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Repairing rusty floorboards – ’88 F450

February 13, 2011

Several weeks ago, I pulled my aging F450 Super Duty rollback into the shop to fix a few things as the annual inspection was due.    Nothing major – just a few marker lights on the bed,  replacing the flood lights on the rear of the truck, and pulling the steering wheel to address the turn signal mechanism.  It worked fine for right turns, but signaling left required you to fiddle with the lever a bit before the light would blink. It had really been that way since I bought the truck in 1996, and was an annoyance, but something I’d never made time to address.

Having fixed these items, I noted some surface rust in the door sill areas and inside bottom edges of the doors.   I knew the molding was loose on the driver side and some minor rust had been there as long as I’ve had the truck.  It was on my list to fix, along with the vinyl floor that was stained, torn and pretty ragged – more things that just hadn’t been a real priority.   Peeling back the  floor covering turned out to be  like pulling a loose thread on a sweater – things unraveled quickly.  The vinyl ripped, the padding underneath was a damp, oil stained, moldy, rotted mess.  Worse, there was rust, rust, and more rust.   So,  stripped everything out and dove in.

Both the driver and passenger foot wells were a rusty mess – there were holes and lots of rust and scale.   I attacked these with a knotted wire wheel in a grinder to strip down the metal and used a shop vac to clean up the resulting mess.  A dust mask is highly recommended.
The wire wheel removed the surface rust and the holes seemed to multiple and grow bigger and some of the remaining metal was pretty thin.    Welding in patches was going to be a challenge.
Perhaps the “right” way to address all this would be to order reproduction floor panels and cut out a lot of material and weld in entire new sections.
A backyard fix would have been to use fiberglass mat and resin to rebuild it, or to just cut up some thin sheet metal with snips and either pop rivet or screw it in place.
Having access to a lot of 14 gauge scrap steel (which is about twice as thick as the original material), I decided to weld in patches.
I started with some of the smaller holes and cut patches that covered the holes with a lot of overlap, and adjusted my mig welder to a very low amp setting.  A bit of fine tuning with the wire feed speed and I was able to weld without burning through too much.    Some welders have a stitch mode, where weld time can be set – I experimented a bit and found this helped reduce burn through in areas were the original steel was pretty thin.
I drilled holes in the one patch piece and made plug welds to tie into the cab floor reinforcement channel under the floor.
I moved on to address  the larger areas once I had the small spots sorted out and the welder adjusted so that I wasn’t just making more swiss cheese out of things.  Here was how the driver’s side looked as I began work.
First, I cut long strips of plate and began by rebuilding the edge of the floor along the doors.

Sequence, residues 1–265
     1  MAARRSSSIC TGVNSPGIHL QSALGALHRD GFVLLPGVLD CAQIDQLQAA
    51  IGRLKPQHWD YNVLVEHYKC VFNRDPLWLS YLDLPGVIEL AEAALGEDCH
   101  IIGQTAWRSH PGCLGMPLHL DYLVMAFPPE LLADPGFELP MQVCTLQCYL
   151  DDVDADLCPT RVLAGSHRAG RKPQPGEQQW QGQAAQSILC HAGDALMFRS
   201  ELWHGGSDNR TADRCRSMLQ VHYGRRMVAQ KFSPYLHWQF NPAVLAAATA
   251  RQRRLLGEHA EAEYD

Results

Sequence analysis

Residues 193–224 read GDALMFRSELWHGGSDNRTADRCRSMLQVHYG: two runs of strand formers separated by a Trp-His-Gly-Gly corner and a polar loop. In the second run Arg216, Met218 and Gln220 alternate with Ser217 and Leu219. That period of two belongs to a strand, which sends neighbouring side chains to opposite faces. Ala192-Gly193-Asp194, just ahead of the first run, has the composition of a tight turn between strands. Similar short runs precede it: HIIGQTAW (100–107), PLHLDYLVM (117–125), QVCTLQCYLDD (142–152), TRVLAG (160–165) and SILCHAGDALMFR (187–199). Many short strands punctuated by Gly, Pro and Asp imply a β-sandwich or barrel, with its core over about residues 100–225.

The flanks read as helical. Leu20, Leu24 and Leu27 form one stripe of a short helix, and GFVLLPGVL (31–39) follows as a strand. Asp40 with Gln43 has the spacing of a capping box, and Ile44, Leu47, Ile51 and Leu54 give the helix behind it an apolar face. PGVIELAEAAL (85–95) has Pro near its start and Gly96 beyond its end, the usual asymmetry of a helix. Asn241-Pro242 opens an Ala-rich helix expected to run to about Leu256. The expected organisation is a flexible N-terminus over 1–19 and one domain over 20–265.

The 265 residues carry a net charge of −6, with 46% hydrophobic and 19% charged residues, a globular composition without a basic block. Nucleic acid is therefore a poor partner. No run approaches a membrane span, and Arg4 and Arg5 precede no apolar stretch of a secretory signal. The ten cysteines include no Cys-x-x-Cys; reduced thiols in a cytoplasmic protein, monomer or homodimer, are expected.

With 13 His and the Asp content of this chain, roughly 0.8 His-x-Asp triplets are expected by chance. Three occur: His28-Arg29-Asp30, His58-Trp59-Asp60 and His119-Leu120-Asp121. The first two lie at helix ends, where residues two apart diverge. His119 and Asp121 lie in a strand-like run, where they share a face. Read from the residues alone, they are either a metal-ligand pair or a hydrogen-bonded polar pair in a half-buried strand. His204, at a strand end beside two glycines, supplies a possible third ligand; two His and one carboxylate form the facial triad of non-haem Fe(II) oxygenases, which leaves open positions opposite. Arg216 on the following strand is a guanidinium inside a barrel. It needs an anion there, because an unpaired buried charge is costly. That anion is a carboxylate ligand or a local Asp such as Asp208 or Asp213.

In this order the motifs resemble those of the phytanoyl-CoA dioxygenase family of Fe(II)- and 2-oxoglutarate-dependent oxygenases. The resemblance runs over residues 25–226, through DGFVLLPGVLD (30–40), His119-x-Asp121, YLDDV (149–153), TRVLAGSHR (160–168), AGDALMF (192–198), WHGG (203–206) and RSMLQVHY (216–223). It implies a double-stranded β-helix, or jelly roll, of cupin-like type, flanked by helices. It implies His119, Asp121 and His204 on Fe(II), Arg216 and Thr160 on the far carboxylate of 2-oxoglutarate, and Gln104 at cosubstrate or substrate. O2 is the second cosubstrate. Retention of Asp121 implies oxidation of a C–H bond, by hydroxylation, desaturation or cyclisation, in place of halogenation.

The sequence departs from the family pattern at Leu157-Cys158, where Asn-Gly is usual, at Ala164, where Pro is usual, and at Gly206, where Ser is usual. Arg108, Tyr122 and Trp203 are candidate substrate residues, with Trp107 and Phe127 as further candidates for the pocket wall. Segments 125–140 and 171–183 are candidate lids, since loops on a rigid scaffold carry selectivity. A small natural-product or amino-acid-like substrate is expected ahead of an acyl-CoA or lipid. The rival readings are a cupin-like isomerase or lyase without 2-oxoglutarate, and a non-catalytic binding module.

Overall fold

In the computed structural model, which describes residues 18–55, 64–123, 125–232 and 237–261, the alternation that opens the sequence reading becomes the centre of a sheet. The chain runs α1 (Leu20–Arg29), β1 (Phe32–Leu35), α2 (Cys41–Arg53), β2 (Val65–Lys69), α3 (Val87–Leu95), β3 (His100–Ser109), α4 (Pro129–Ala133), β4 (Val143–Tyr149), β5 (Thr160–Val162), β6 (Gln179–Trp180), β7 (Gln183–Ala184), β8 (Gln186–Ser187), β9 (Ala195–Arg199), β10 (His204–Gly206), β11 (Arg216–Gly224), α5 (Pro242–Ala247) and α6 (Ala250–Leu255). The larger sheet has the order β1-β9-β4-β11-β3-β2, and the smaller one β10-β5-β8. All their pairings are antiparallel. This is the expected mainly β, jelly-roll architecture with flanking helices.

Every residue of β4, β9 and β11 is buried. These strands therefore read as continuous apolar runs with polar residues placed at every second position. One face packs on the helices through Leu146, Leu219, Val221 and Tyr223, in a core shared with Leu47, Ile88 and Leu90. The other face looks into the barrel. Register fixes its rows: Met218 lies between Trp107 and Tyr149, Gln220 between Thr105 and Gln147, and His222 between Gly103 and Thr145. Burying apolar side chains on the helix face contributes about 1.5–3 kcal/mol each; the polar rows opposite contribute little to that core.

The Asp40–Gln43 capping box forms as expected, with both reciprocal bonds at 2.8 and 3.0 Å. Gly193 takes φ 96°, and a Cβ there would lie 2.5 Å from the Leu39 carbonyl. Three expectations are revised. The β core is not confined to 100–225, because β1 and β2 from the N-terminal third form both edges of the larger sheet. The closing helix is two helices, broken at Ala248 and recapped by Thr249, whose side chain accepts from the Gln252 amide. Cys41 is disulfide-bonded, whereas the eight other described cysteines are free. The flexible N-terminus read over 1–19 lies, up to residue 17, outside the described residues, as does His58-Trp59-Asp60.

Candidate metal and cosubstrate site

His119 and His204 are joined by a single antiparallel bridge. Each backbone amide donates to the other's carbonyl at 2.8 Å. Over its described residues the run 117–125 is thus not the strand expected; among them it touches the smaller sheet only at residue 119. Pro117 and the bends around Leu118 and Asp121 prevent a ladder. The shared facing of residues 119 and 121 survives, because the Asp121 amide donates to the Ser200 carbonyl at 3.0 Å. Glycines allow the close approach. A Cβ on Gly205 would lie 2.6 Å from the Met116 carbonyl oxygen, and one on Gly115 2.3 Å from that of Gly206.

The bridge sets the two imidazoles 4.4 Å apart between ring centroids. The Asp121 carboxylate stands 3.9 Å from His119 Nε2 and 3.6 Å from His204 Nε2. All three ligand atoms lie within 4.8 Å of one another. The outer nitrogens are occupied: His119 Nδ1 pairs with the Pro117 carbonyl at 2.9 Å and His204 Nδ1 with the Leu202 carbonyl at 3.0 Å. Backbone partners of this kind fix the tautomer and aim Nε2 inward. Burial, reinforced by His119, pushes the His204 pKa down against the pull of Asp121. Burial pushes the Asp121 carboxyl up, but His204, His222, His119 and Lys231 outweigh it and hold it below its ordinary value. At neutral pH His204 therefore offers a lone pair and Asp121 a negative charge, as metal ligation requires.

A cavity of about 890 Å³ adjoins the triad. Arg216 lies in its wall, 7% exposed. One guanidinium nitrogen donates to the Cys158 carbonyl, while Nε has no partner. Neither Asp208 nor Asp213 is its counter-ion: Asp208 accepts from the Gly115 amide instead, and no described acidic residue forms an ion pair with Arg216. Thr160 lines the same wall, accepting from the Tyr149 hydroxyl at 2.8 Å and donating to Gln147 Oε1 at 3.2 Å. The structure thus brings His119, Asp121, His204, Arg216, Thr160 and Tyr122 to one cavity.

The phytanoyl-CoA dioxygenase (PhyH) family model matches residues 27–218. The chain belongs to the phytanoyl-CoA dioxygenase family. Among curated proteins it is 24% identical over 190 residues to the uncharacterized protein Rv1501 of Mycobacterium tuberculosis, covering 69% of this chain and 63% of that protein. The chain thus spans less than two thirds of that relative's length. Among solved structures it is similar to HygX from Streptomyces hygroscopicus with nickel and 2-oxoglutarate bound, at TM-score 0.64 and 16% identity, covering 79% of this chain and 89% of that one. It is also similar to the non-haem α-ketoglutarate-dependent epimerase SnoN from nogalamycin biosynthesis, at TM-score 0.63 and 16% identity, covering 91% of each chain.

The welds aren’t pretty, but they are solid – even welding in very short pulses – just long enough to develop a puddle, it was easy to burn through, and then I’d keep working back until I could close the holes.
With a solid and proper edge to work from, I began to add plates to join the floor pan to the edge of the door frame.  Since the factory had stamped irregular shaped depressions into the floor, I had to add small pieces to fill these in, so that I could then bridge across them with larger pieces.  I felt this was a better way to ensure there would be no open sections or gaps from below.
I also rebuilt the vertical flange that runs the width of the door frame and holds the weather stripping in place.
After all the welding,  I used the wire wheel to clean everything again, then sprayed the floor from above and below with a rust neutralizing agent (that turns it black) and then filled and sealed it with bondo, followed by two coats of primer and then a coat of red.
After everything dried, I installed new fiber padding, and a new black vinyl floor which, while advertised to be pre-molded, required a bit of work with a razor knife and heat gun to install.   The heat gun proved to be a real aid in forming things to shape, stretching around the floor shift, etc.
I located the seat and seat mounting holes by pressing a screw driver up through the mounting holes and then trimming a dime sized clearance hole around them with a razor knife.
The seat then installed easily, along with the weather stripping and trim plates.   The finished job looks pretty good.
Of course,   I’ll  now want to have the cab repainted in the spring.

5 Comments leave one →
  1. Tim permalink
    February 13, 2011 9:44 pm

    She looks really good Mark! It’s always a good feeling to get a good improvement project done.

    Maybe next we can improve your photos 😉

  2. February 13, 2011 10:52 pm


    Yeah the last several were kinda blurry – maybe I moved. Close enough, right?


  3. Garry permalink
    February 14, 2011 8:58 pm

    Great looking job Mark. I know you had fun completing this project.

  4. February 18, 2011 2:48 am

    Mabe you were just shaking with excitement?

  5. alfred beilin permalink
    January 2, 2012 8:21 pm

    afternoon everyone all the best to yous for 2012

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